Just a reminder that our read of A Is for Arsenic: The Poisons of Agatha Christie by Kathryn Harkup begins on Tuesday, May 1st.
While it's obvious that those that love Agatha Christie's books are going to be drawn to this book, don't be fooled into thinking it isn't really a science book. The science is real and though the author discusses these poisons in the context of AC's usage of them in books, she does not skimp on the chemistry.
As Boomsbury describes it:
Fourteen Agatha Christie novels. Fourteen poisons. Just because it's fiction doesn’t mean it's all made-up ...
Agatha Christie used poison to kill her characters more often than any other crime fiction writer. The poison was a central part of the novel, and her choice of deadly substances was far from random; the chemical and physiological characteristics of each poison provide vital clues to the discovery of the murderer. Christie demonstrated her extensive chemical knowledge (much of it gleaned by working in a pharmacy during both world wars) in many of her novels, but this is rarely appreciated by the reader.
Written by former research chemist Kathryn Harkup, each chapter takes a different novel and investigates the poison used by the murderer. Fact- and fun-packed, A is for Arsenic looks at why certain chemicals kill, how they interact with the body, and the feasibility of obtaining, administering, and detecting these poisons, both when Christie was writing and today.
There are even a few diagrams and equations - but not too many.
Anyone is free to join us, as always. Huggins loves a good crowd and a good discussion over the relative merits of cyanide over strychnine.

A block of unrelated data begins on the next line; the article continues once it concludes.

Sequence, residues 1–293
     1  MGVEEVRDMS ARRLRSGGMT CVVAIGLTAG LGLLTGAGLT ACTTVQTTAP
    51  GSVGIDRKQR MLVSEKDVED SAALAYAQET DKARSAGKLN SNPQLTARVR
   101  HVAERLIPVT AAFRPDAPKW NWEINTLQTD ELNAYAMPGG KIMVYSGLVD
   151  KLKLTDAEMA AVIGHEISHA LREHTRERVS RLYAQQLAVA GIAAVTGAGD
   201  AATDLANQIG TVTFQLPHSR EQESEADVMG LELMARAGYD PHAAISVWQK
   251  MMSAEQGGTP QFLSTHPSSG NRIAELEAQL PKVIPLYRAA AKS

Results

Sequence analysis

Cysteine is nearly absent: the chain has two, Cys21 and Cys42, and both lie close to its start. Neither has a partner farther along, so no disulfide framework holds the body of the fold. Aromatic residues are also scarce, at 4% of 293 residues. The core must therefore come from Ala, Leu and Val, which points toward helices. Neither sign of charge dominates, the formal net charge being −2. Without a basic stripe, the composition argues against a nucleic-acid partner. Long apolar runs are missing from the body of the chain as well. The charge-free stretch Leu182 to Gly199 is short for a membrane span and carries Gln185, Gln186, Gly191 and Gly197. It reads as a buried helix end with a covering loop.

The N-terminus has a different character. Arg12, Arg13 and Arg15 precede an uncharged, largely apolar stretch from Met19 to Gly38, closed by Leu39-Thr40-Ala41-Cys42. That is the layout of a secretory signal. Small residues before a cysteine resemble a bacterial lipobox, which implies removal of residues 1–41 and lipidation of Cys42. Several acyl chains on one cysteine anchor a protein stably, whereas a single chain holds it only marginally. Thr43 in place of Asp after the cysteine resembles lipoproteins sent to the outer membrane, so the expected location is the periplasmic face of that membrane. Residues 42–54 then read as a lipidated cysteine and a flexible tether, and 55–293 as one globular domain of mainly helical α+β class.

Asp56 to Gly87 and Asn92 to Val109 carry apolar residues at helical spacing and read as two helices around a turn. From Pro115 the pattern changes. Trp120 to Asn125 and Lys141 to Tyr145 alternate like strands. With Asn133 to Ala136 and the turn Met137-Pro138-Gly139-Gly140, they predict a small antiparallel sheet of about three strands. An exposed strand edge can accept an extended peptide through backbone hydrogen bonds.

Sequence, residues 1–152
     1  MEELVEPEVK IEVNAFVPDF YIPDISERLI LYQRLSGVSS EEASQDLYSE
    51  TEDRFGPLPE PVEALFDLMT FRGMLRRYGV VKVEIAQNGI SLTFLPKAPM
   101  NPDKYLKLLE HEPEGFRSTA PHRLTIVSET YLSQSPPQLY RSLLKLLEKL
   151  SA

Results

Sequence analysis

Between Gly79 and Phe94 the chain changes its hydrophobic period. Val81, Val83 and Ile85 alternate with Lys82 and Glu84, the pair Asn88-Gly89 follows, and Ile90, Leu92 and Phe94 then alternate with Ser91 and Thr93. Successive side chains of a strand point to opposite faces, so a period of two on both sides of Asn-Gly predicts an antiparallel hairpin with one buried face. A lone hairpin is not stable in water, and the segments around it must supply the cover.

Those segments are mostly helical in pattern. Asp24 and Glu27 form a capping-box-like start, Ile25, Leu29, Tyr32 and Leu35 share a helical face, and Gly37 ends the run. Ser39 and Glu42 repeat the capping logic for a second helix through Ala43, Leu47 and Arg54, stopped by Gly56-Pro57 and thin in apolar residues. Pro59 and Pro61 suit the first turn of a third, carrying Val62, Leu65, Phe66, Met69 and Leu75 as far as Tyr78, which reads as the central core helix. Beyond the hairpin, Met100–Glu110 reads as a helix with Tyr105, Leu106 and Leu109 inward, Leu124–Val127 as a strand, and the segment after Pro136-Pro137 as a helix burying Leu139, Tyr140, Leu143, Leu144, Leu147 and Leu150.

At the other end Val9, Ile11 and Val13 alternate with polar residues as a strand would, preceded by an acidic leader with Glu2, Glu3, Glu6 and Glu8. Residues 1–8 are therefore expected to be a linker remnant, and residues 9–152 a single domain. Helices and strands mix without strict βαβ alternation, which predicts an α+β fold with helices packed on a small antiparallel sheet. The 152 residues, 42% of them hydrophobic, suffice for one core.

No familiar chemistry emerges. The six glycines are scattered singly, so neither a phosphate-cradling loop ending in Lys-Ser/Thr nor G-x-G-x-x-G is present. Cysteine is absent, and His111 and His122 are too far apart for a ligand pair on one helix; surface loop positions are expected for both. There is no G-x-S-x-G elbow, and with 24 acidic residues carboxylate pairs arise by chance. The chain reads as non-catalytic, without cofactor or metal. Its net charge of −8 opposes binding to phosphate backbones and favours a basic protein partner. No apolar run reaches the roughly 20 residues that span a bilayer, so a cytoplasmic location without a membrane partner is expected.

Looking forward to May day!
I somehow forgot exactly what happened from the sixth murder onward.
The epilogue was good, especially with this narrator - Dan Stevens' voice and the character's cold and calculating nature made my skin crawl. I could buy most of the "here's how I did it" explanations, but I'm still not convinced that the fifth murder would have been possible.
This is Agatha Christie's foray into a historical fiction murder mystery. It takes places around 2000 BCE, and it got off to a rough start. Renisenb comes off as too simple for words at the start and there seems to be a fair dose of authorial judgement going on when believing in the many Egyptian gods comes up, but eventually good old Aggie gets into her groove and the family drama and doubts become interesting. I was totally off-base with my guess for the murderer, however.
We're halfway through; obviously things can't just end like that and it isn't over. I wonder what the final body count will be?
I wish for once I could make use of a sick day to get some reading done, rather than read for a bit and then nap for several hours. It's a bit annoying. I know, I know, the napping is probably good for me. And anything is better than being fuzzy-headed like I was yesterday.